2. The distance test. A new main job location must be at least 50 miles farther from the employee’s former home than the previous job location. For example, if the old job was three miles from the old home, the new job must be at least 53 miles from the old home. A first job must be at least 50 miles from the employee’s former home.
  3. The time test. After the move, the employee must work full-time at the new job for at least 39 weeks in the first year. Those self-employed must work full-time at least 78 weeks during the first two years at the new job site.

Different rules may apply for members of the Armed Forces or a retiree or survivor moving to the United States.

Here are a few more moving expense tips from the IRS:

  • Reimbursed expenses. If an employer reimburses the employee for the cost of a move, that payment may need to be included as income. The employee would report any taxable amount on their tax return in the year of the payment.
  • Nondeductible expenses. Any part of the purchase price of a new home, the cost of selling a home, the cost of entering into or breaking a lease, meals while in transit, car tags and driver’s license costs are some of the items not deductible.
  • Recordkeeping. It is important that taxpayers maintain an accurate record of expenses paid to move. Save items such as receipts, bills, canceled checks, credit card statements, and mileage logs. Also, taxpayers should save statements of reimbursement from their employer.
  • Address Change. After any move, update the address with the IRS and the U.S. Post Office. To notify the IRS file Form 8822, Change of Address.

Avoid scams. The IRS does not initiate contact using social media or text message. The first contact normally comes in the mail. Those wondering if they owe money to the IRS can view their tax account information on IRS.gov to find out.

Additional IRS Resources:

IRS YouTube Videos:

Tips to Keep in Mind on Income Taxes and Selling a Home

From the IRS – 

Homeowners may qualify to exclude from their income all or part of any gain from the sale of their main home.

Below are tips to keep in mind when selling a home:

Ownership and Use. To claim the exclusion, the homeowner must meet the ownership and use tests. This means that during the five-year period ending on the date of the sale, the homeowner must have:

  • Owned the home for at least two years
  • Lived in the home as their main home for at least two years    Gain.  If there is a gain from the sale of their main home, the homeowner may be able to exclude up to $250,000 of the gain from income or $500,000 on a joint return in most cases. Homeowners who can exclude all of the gain do not need to report the sale on their tax return

Loss.  A main home that sells for lower than purchased is not deductible.

Reporting a Sale.  Reporting the sale of a home on a tax return is required if all or part of the gain is not excludable. A sale must also be reported on a tax return if the taxpayer chooses not to claim the exclusion or receives a Form 1099-S, Proceeds from Real Estate Transactions.

Possible Exceptions.  There are exceptions to the rules above for persons with a disability, certain members of the military, intelligence community and Peace Corps workers, among others. More information is available in Publication 523, Selling Your Home.

Worksheets.  Worksheets are included in Publication 523, Selling Your Home, to help you figure the:

  • Adjusted basis of the home sold
  • Gain (or loss) on the sale
  • Gain that can be excluded

Items to Keep In Mind:

  • Taxpayers who own more than one home can only exclude the gain on the sale of their main home. Taxes must paid on the gain from selling any other home.
  • Taxpayers who used the first-time homebuyer credit to purchase their home have special rules that apply to the sale. For more on those rules, see Publication 523. Use the First Time Homebuyer Credit Account Look-up to get account information such as the total amount of your credit or your repayment amount.
  • Work-related moving expenses might be deductible, see Publication 521, Moving Expenses.
  • Taxpayers moving after the sale of their home should update their address with the IRS and the U.S. Postal Service by filing Form 8822, Change of Address.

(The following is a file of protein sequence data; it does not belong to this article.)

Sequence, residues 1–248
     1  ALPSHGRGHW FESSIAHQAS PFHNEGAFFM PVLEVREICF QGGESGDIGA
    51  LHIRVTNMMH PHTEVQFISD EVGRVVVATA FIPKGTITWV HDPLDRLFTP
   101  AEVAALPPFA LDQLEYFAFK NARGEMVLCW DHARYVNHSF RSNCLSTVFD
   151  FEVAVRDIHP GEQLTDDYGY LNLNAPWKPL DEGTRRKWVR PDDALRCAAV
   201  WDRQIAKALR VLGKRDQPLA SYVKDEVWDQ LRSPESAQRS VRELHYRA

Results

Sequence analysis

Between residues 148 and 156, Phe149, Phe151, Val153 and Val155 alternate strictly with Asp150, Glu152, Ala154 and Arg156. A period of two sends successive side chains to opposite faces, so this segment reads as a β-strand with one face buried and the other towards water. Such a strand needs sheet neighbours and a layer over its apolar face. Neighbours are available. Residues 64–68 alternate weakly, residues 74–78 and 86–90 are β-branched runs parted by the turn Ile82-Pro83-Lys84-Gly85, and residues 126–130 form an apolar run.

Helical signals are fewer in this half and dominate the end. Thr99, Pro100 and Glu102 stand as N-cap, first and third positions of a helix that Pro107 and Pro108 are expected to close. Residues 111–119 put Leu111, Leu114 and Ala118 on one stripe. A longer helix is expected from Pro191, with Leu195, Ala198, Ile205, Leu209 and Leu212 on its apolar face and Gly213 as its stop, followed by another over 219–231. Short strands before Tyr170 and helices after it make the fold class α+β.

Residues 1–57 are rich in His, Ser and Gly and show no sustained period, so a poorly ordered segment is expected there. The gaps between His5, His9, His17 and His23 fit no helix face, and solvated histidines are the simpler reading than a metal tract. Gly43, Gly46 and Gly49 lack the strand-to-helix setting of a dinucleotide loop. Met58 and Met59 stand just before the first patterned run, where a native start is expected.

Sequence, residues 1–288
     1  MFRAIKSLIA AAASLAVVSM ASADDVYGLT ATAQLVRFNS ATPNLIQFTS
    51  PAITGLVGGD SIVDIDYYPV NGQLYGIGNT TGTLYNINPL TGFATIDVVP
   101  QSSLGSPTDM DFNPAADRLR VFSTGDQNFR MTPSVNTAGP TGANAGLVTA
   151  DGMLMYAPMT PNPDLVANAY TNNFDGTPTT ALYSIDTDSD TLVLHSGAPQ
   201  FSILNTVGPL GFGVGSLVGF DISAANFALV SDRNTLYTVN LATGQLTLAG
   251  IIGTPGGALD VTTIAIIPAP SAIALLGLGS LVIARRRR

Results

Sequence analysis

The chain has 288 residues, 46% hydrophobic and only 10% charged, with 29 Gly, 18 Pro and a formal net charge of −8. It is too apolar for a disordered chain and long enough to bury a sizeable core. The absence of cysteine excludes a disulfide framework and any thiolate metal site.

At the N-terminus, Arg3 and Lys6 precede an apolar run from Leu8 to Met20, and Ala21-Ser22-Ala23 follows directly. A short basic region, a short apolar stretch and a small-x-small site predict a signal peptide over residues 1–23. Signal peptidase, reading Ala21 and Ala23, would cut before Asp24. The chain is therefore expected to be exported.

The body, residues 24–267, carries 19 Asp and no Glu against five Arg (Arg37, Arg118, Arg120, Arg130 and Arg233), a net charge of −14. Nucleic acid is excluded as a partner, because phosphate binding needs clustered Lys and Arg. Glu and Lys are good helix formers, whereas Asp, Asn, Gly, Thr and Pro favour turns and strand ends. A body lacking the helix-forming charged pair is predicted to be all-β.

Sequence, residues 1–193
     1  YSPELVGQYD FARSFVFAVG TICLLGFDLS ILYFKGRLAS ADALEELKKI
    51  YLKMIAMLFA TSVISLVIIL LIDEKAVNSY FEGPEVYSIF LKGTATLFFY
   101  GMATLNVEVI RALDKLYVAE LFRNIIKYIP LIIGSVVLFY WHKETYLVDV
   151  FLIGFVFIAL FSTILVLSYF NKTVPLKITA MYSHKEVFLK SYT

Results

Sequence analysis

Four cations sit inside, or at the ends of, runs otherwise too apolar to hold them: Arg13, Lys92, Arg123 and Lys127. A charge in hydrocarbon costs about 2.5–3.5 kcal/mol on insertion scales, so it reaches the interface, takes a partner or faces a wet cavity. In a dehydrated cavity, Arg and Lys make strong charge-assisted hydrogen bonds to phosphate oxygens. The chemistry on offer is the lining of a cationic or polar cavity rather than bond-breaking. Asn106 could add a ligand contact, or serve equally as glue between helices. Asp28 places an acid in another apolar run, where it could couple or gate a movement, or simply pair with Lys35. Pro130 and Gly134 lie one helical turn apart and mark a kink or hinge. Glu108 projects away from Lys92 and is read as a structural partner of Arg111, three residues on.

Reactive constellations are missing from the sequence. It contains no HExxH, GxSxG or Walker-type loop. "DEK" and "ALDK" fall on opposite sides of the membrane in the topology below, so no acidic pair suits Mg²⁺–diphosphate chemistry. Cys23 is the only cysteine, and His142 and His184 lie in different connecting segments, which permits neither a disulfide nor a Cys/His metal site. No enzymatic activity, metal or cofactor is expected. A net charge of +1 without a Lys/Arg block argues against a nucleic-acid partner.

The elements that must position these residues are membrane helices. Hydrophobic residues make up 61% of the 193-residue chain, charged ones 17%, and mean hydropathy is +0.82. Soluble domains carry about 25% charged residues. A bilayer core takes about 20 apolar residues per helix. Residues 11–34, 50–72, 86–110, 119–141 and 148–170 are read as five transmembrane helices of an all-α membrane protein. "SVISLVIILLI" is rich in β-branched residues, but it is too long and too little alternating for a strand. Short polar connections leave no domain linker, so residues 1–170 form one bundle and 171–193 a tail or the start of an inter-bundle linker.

• Taxpayers who purchased health coverage through the Health Insurance Marketplace should notify the Marketplace when moving out of the area covered by the current Marketplace plan.

Avoid scams. The IRS does not initiate contact using social media or text message. The first contact normally comes in the mail. Those wondering if they owe money to the IRS can view their tax account information on IRS.gov to find out.

Additional Resources:

Tips to Keep in Mind for Taxpayers Traveling for Charity

From the IRS – 

During the summer, some taxpayers may travel because of their involvement with a qualified charity. These traveling taxpayers may be able to lower their taxes.

Here are some tax tips for taxpayers to use when deducting charity-related travel expenses:

  • Qualified Charities.  For a taxpayer to deduct costs, they must volunteer for a qualified charity. Most groups must apply to the IRS to become qualified. Churches and governments are generally qualified, and do not need to apply to the IRS. A taxpayer should ask the group about its status before they donate. Taxpayers can also use the Select Check tool on IRS.gov to check a group’s status.
  • Out-of-Pocket Expenses.  A taxpayer may be able to deduct some of their costs including travel. These out-of-pocket expenses must be necessary while the taxpayer is away from home. All costs must be:
    • Unreimbursed,
    • Directly connected with the services,
    • Expenses the taxpayer had only because of the services the taxpayer gave, and
    • Not personal, living or family expenses.
  • Genuine and Substantial Duty.  The charity work the taxpayer is involved with has to be real and substantial throughout the trip. The taxpayer can’t deduct expenses if they only have nominal duties or do not have any duties for significant parts of the trip.
  • Value of Time or Service.  A taxpayer can’t deduct the value of their time or services that they give to charity. This includes income lost while the taxpayer serves as an unpaid volunteer for a qualified charity.
  • Travel Expenses a Taxpayer Can Deduct.  The types of expenses a taxpayer may be able to deduct include:
    • Air, rail and bus transportation,
    • Car expenses,
    • Lodging costs,
    • Cost of meals, and
    • Taxi or other transportation costs between the airport or station and their hotel.
  • Travel Expenses a Taxpayer Can’t Deduct. Some types of travel do not qualify for a tax deduction. For example, a taxpayer can’t deduct their costs if a significant part of the trip involves recreation or vacation.

For more on these rules, see Publication 526, Charitable Contributions. Get it on IRS.gov/forms at any time.

Avoid scams. The IRS will never initiate contact using social media or text message. First contact generally comes in the mail. Those wondering if they owe money to the IRS can view their tax account information on IRS.gov to find out.